From naturalism to mechanism: Ambiguities and contradictions in Descartes' mechanistic physiology.

Title: From naturalism to mechanism: Ambiguities and contradictions in Descartes' mechanistic physiology.
Authors: Collier, Carol.
Date: 2001
Abstract: The thesis provides an analysis of the metaphysical and epistemological shift from naturalism to mechanism in the seventeenth century, specifically in relation to the human body, and the evolution of the notion of the body-machine in Cartesian philosophy. The thesis starts from the position that Descartes' metaphysical dualism is a fundamental presupposition of both his method and his physics, including his physiology. It supports Jean-Luc Marion's thesis of the 'grey ontology' of the Regulae and argues against the position of Alquie, Gaukroger and others that Descartes' science and metaphysics are distinct aspects of his work, with the latter arriving only after the former had been fully formulated. Then, using Lenoble's thesis that the development of mechanism in the seventeenth century was more a reaction to the naturalism of the Renaissance than to Scholasticism, it traces the rejection of certain 'occult' notions of the Renaissance conception of nature and body, in particular, the notions of world-soul and final causes. It then analyses the application of the principles of mechanism to the human body as elaborated by Descartes in his principal work on the body, L'Homme, and shows how his mechanistic physiology created a rupture not only between mind and body but also between body and nature, resulting in a changed anthropology. At the same time it brings out ambiguities and contradictions inherent in Descartes' mechanistic, explanation of body, particularly in relation to animal perception and sensation; and it shows, further, that his mechanistic explanation relies, in its turn, on 'occult' concepts, in the form of animal spirits and continuous creation, metaphysical supports that weaken the effectiveness of the mechanistic explanation. Finally, the thesis looks at Descartes' notion of mind-body union and, analysing Gueroult's interpretation of the Cartesian position, demonstrates that this notion does not result in a modification of his mechanism of the body. The thesis concludes that Descartes' application of a unified method of science to the human body suffered from an inherent and irreconcilable ambiguity: his mechanistic physiology could not yield an anthropology while, at the same time, his emphasis on mind-body union in his later writings could not yield a science. It proposes a re-examination of mechanistic physiology in the light of other models of mechanism in the seventeenth century (e.g. Leibniz, Hobbes) and a re-assessment of the anthropology displaced by the rupture between body and nature, body and mind.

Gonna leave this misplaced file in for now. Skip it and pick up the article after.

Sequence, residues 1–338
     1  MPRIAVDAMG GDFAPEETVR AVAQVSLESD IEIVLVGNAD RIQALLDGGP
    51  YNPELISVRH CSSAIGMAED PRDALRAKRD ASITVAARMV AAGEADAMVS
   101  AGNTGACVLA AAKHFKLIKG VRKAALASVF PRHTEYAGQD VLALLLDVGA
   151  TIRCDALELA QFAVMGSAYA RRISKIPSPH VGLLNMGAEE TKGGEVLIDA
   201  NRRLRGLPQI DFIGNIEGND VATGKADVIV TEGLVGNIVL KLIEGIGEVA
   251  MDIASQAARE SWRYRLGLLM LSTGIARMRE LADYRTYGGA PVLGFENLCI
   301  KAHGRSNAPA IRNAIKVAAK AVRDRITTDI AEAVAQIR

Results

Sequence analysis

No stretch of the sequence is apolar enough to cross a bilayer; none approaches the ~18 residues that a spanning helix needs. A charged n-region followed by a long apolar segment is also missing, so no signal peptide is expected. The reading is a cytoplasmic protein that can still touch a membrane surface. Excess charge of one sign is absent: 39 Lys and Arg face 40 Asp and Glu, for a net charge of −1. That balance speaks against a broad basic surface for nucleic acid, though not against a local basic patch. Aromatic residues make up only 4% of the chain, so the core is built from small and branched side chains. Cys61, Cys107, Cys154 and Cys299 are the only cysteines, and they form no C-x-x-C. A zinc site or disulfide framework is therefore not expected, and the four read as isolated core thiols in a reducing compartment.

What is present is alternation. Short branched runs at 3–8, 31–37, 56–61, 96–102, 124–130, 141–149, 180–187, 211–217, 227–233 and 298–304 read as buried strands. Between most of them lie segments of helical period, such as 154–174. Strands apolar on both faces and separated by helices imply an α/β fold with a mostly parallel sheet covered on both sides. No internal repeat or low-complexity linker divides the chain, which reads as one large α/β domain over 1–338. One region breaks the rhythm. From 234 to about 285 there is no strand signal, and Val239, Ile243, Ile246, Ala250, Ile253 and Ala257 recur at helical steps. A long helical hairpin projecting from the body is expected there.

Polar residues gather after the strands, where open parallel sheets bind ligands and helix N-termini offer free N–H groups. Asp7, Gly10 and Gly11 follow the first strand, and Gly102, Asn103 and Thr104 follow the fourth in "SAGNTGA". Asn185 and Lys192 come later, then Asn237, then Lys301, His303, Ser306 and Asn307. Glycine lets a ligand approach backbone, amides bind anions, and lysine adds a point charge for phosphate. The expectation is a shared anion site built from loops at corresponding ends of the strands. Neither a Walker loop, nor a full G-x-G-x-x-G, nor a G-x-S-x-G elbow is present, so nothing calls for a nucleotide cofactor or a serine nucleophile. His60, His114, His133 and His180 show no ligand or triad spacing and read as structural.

CollectionTh├Ęses, 1910 - 2010 // Theses, 1910 - 2010
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